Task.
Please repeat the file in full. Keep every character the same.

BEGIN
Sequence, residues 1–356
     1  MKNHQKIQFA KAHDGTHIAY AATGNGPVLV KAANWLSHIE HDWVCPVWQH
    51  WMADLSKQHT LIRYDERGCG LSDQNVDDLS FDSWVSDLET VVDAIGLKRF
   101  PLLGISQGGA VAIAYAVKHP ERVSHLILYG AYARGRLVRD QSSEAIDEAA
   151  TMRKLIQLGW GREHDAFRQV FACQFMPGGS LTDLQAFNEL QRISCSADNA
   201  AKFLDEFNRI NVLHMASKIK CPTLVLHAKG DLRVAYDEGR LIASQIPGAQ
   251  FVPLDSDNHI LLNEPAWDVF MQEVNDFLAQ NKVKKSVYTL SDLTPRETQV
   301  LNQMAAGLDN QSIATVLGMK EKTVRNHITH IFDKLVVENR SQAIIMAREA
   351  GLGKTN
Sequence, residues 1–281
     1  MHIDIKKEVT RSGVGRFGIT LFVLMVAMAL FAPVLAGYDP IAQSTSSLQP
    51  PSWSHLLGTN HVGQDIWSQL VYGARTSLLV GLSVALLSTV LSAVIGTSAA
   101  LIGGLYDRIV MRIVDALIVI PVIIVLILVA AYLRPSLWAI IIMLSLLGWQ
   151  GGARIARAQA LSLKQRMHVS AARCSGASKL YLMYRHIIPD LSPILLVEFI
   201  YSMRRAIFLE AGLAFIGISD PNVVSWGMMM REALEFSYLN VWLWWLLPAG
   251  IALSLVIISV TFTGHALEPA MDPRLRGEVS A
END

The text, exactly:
Sequence, residues 1–356
     1  MKNHQKIQFA KAHDGTHIAY AATGNGPVLV KAANWLSHIE HDWVCPVWQH
    51  WMADLSKQHT LIRYDERGCG LSDQNVDDLS FDSWVSDLET VVDAIGLKRF
   101  PLLGISQGGA VAIAYAVKHP ERVSHLILYG AYARGRLVRD QSSEAIDEAA
   151  TMRKLIQLGW GREHDAFRQV FACQFMPGGS LTDLQAFNEL QRISCSADNA
   201  AKFLDEFNRI NVLHMASKIK CPTLVLHAKG DLRVAYDEGR LIASQIPGAQ
   251  FVPLDSDNHI LLNEPAWDVF MQEVNDFLAQ NKVKKSVYTL SDLTPRETQV
   301  LNQMAAGLDN QSIATVLGMK EKTVRNHITH IFDKLVVENR SQAIIMAREA
   351  GLGKTN
Sequence, residues 1–281
     1  MHIDIKKEVT RSGVGRFGIT LFVLMVAMAL FAPVLAGYDP IAQSTSSLQP
    51  PSWSHLLGTN HVGQDIWSQL VYGARTSLLV GLSVALLSTV LSAVIGTSAA
   101  LIGGLYDRIV MRIVDALIVI PVIIVLILVA AYLRPSLWAI IIMLSLLGWQ
   151  GGARIARAQA LSLKQRMHVS AARCSGASKL YLMYRHIIPD LSPILLVEFI
   201  YSMRRAIFLE AGLAFIGISD PNVVSWGMMM REALEFSYLN VWLWWLLPAG
   251  IALSLVIISV TFTGHALEPA MDPRLRGEVS A